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Fit For Its Ordinary Purpose: Implied Warranties And Common Law Duties For Consumer Finance Contracts, Susan Block-Lieb, Edward J. Janger Jan 2022

Fit For Its Ordinary Purpose: Implied Warranties And Common Law Duties For Consumer Finance Contracts, Susan Block-Lieb, Edward J. Janger

Faculty Scholarship

The history of consumer goods and consumer credit markets pre-sents an anomaly: market transactions for consumer goods and credit transactions evolved in tandem from face to face and bespoke to standardized and widely distributed; the law governing these “product” markets has not. With consumer goods, the Uniform Commercial Code codifies implied warranties of merchantability and fitness for a particular purpose, and the common law of tort provides strict liability for defective products. With consumer fi-nance contracts, borrowers enjoy scant common law protection. And yet both consumer goods and consumer contracts may be danger-ously defective “products.”

This Article reconsiders the traditional, …


The Macpherson-Henningsen Puzzle, Victor P. Goldberg Jan 2018

The Macpherson-Henningsen Puzzle, Victor P. Goldberg

Faculty Scholarship

In the landmark case of MacPherson v. Buick, an automobile company was held liable for negligence notwithstanding a lack of privity with the injured driver. Four decades later, in Henningsen v. Bloomfield Motors, the court held unconscionable the standard automobile company warranty which limited its responsibility to repair and replacement, even in a case involving physical injury. This suggests a puzzle: if it were so easy for firms to contract out of liability, did MacPherson accomplish anything?


Efficient Remedies For Breach Of Warranty, Kenneth Chapman, Michael J. Meurer Jan 1989

Efficient Remedies For Breach Of Warranty, Kenneth Chapman, Michael J. Meurer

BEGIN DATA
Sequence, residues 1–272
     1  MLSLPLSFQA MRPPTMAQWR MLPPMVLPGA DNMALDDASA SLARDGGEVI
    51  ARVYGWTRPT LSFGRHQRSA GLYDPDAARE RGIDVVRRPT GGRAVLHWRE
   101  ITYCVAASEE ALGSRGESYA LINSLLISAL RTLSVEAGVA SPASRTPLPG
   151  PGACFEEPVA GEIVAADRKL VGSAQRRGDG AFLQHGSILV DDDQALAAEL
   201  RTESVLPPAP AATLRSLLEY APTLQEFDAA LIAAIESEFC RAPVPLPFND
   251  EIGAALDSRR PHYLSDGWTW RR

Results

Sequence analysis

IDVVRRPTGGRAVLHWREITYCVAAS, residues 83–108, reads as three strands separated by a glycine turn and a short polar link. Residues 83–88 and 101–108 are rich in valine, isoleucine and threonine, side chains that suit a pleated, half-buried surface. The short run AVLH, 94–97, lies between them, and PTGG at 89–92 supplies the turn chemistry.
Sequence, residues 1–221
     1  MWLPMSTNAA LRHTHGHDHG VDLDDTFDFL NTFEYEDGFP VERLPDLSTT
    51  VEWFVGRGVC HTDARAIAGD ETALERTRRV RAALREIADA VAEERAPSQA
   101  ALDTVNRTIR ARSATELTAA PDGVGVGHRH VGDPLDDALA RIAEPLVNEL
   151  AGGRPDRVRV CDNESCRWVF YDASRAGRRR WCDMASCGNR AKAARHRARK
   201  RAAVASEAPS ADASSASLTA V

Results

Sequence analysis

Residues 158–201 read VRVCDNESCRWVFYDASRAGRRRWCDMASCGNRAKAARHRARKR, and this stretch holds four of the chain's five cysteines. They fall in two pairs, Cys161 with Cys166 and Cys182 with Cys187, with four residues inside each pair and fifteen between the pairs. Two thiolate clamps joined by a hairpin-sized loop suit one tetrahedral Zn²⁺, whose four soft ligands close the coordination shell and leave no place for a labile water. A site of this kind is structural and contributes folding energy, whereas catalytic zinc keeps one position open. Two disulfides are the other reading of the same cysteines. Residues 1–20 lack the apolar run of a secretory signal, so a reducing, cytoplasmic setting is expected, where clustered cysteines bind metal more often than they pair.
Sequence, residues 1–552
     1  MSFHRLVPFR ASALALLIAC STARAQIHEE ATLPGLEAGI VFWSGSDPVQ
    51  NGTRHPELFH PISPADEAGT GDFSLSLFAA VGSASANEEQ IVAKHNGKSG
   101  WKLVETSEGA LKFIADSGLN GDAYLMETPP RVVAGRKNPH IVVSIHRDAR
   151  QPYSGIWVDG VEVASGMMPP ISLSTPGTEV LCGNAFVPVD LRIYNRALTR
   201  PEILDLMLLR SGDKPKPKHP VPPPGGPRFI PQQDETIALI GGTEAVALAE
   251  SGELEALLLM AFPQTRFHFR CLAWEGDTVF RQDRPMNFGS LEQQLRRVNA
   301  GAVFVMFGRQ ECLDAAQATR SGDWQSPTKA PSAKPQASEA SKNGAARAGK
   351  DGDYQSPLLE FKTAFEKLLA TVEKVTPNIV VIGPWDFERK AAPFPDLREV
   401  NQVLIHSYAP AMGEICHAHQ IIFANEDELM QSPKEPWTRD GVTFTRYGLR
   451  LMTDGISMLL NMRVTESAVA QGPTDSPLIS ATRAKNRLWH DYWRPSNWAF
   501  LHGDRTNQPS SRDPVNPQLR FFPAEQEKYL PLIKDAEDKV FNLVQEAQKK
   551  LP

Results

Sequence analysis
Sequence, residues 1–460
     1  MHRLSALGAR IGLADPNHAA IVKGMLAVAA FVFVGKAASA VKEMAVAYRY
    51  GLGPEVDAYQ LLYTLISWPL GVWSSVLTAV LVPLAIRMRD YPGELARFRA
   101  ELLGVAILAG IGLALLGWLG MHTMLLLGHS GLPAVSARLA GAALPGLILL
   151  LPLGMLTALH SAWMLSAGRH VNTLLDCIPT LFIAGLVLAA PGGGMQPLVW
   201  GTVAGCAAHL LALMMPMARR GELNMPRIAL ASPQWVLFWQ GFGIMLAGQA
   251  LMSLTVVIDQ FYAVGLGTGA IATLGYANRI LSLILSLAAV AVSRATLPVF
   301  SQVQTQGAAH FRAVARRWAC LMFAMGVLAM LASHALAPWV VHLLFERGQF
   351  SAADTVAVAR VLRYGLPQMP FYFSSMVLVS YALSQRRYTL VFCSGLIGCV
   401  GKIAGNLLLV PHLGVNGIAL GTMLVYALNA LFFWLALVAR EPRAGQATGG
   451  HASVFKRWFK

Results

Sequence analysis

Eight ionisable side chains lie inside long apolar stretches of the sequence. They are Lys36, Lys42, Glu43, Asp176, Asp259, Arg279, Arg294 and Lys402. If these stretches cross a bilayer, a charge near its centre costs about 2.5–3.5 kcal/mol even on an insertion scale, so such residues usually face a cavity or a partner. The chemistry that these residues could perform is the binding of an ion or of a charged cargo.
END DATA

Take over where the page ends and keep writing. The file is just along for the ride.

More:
Faculty Scholarship

This article attempts to suggest valuable refinements and extensions of the economic theory of warranty by explicitly considering the choice of remedies for breach of warranty in conjunction with the choice of warranty protection itself. In particular, it offers explanations for the prevalence of replacement terms rather than refund terms in warranties. Economists studying the general issue of breach of contract have noted that the choice of remedy has important implications for risk sharing, renegotiation, transaction-specific investment, and the incentive to breach.5 This article derives much of its insight from the recognition that work on the economics of contract breach …


The Anatomy Of Products Liability In Minnesota: Principles Of Loss Allocation, Michael K. Steenson Jan 1980

The Anatomy Of Products Liability In Minnesota: Principles Of Loss Allocation, Michael K. Steenson

Faculty Scholarship

In this article, Professor Steenson continues the discussion that began in The Anatomy of Products Liability in Minnesota: The Theories of Recovery, appearing in the last Issue of the William Mitchell Law Review, by shifting the analytical focus to the problems involved in allocating awards among the parties in Minnesota products liability cases. Professor Steenson analyzes defenses, contribution and indemnity, and the impact of Minnesota's comparative fault act on products liability law.